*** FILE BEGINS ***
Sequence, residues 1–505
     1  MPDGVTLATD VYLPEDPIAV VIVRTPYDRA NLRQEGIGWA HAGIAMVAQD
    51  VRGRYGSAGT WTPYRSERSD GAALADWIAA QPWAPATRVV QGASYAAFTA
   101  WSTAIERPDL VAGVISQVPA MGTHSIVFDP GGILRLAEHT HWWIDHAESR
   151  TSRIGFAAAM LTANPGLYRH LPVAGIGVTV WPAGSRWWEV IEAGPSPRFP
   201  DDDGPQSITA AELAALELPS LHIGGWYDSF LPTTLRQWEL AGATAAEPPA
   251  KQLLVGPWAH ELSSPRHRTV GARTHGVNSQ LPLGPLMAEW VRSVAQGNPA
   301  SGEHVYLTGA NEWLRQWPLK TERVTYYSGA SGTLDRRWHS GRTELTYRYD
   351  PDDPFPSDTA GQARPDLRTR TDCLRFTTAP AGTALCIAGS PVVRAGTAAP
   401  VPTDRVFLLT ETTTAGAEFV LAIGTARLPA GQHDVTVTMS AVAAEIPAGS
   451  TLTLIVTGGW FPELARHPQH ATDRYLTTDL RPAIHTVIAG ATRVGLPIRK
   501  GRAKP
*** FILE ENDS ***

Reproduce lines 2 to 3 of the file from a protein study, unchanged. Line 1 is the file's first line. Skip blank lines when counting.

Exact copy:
     1  MPDGVTLATD VYLPEDPIAV VIVRTPYDRA NLRQEGIGWA HAGIAMVAQD
    51  VRGRYGSAGT WTPYRSERSD GAALADWIAA QPWAPATRVV QGASYAAFTA